You may have noticed that sometimes a URL that you copy and paste from a library database doesn't work correctly when you try to access it later. A permalink, also called a persistent or stable URL, removes any session-specific information from those URLs and is a reliable way to access the article or e-book section later.
A proxied URL will ensure that you and others in the Northeastern community can access the URL from anywhere, whether on- or off-campus.
Assigning journal articles or book chapters as class readings? Save your students from purchasing a classpack!
First, find out if Northeastern University provides access through its licensed online resources. Then, use permalinks in Blackboard so your students can access the readings from anywhere.
Linking to online readings is the best way to comply with copyright law.
Permalinks also provide reliable future access in many situations.
Use them when emailing colleagues, or in your citation management software!
Search for articles and e-books with Scholar OneSearch:
Note: Scholar OneSearch also provides permalinks, although these may change infrequently as records are sometimes reloaded in the SOS database. When you find the article you're looking for, double-check that it says "Full text available," and then just click the Permalink button and copy the URL that pops up:
Since SOS permalinks may change over time, we recommend using the database providers' permalinks for long-term stability. If you know that your article or e-book is in one of the providers named in a tab at the top of this page, click on the tab to go directly to database-specific instructions. These are just a few of the most highly used providers, though. Most resources we have access to will provide permalinks. If you need help with a specific database, please contact us.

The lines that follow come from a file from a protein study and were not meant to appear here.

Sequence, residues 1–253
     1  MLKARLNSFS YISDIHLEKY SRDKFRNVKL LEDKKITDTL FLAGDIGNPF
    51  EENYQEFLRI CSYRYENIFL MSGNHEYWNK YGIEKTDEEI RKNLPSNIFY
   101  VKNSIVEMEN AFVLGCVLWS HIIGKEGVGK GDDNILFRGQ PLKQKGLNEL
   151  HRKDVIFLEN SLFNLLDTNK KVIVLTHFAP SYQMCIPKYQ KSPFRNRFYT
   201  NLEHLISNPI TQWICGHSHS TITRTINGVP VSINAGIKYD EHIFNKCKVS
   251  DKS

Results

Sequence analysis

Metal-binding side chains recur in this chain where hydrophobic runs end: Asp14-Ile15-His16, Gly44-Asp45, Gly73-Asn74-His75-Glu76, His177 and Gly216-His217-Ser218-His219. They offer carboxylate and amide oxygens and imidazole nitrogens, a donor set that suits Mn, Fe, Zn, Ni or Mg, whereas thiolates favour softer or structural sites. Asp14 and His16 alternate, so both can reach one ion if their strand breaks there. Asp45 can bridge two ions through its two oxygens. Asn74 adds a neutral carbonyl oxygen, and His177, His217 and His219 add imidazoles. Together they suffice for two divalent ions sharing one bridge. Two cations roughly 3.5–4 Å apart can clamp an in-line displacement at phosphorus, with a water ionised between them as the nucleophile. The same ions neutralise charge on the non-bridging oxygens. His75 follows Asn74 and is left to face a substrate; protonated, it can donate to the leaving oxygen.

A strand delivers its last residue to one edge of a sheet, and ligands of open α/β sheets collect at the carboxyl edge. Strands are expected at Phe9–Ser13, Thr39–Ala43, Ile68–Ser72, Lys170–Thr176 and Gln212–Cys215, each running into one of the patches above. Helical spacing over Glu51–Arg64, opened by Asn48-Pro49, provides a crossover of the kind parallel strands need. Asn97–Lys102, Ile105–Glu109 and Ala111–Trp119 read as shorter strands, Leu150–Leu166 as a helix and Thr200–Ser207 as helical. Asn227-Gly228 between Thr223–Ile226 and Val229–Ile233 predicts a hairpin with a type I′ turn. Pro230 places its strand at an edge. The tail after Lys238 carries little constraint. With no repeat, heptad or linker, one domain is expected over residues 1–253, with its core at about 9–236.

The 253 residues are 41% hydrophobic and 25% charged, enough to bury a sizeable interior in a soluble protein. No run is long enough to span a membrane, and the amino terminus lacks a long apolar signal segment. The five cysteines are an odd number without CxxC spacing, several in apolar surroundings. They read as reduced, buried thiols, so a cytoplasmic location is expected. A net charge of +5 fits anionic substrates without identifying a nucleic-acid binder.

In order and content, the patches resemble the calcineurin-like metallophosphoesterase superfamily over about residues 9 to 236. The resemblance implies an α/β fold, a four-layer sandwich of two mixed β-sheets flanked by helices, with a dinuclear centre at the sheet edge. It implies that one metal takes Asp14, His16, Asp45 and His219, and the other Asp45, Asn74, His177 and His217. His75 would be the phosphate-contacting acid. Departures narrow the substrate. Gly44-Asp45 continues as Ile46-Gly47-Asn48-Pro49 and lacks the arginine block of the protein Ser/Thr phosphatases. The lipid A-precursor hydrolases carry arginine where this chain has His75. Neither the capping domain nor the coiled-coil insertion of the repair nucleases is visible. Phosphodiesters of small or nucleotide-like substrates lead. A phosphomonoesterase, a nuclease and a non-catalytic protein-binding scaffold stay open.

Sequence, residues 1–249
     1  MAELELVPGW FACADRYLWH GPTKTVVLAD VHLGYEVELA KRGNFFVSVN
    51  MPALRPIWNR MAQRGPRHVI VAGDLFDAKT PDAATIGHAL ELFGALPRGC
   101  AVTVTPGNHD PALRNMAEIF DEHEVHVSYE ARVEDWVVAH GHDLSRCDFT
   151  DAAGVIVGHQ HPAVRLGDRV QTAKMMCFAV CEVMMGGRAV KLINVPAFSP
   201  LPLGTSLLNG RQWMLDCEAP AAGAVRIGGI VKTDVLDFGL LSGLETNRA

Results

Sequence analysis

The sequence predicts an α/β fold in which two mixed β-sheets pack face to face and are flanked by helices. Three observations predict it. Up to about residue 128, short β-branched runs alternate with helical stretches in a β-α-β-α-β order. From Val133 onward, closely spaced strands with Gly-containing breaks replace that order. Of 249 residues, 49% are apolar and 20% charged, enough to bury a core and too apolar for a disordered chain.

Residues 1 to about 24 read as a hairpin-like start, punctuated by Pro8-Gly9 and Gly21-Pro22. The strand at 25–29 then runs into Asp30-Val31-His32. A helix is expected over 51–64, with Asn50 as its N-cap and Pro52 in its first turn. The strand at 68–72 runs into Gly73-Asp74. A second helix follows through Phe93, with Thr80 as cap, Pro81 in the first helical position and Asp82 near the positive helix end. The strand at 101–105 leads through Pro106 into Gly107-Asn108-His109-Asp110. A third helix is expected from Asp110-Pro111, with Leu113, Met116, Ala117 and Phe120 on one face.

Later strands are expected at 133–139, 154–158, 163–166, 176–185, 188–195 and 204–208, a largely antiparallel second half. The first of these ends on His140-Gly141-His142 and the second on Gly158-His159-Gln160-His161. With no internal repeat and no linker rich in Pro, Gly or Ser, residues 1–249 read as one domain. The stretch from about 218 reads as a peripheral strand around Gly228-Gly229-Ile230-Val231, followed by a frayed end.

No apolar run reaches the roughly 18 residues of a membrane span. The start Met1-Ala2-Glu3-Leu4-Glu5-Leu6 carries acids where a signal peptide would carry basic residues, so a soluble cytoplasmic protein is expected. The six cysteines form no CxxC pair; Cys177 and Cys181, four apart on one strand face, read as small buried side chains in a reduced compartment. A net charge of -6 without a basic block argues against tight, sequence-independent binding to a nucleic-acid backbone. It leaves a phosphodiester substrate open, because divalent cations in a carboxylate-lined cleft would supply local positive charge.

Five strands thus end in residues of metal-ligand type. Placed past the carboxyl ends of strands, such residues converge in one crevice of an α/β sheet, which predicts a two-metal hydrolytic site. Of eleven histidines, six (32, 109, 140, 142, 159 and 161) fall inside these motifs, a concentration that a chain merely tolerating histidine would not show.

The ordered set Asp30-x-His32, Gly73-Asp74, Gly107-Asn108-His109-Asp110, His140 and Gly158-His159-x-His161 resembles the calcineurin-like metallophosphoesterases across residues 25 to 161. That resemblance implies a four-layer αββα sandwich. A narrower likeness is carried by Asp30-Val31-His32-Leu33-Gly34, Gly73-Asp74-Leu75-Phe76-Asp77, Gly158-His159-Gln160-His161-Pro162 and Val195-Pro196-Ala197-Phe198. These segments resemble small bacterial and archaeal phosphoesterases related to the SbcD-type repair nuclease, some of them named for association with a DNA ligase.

You may prefer to link to a journal article on the publisher's website rather than through a third-party database. Many journal publishers assign Digital Object Identifiers, or DOIs, to their articles. These are also permalinks. But because they do not contain the library's proxying information, users who are not on campus will not be able to access the full text because the journal's website will not recognize them as subscribers.
Rather than just giving students a DOI, you should add the proxying information as shown in the example below. This will ensure that students are prompted to log in with their myNEU username and password, thus authenticating them as Northeastern affiliates.
Make sure that you're able to access the full text of an article through the publisher's website before assigning it as a course reading. You can check our e-journal subscriptions here: http://library.northeastern.edu/ejournals.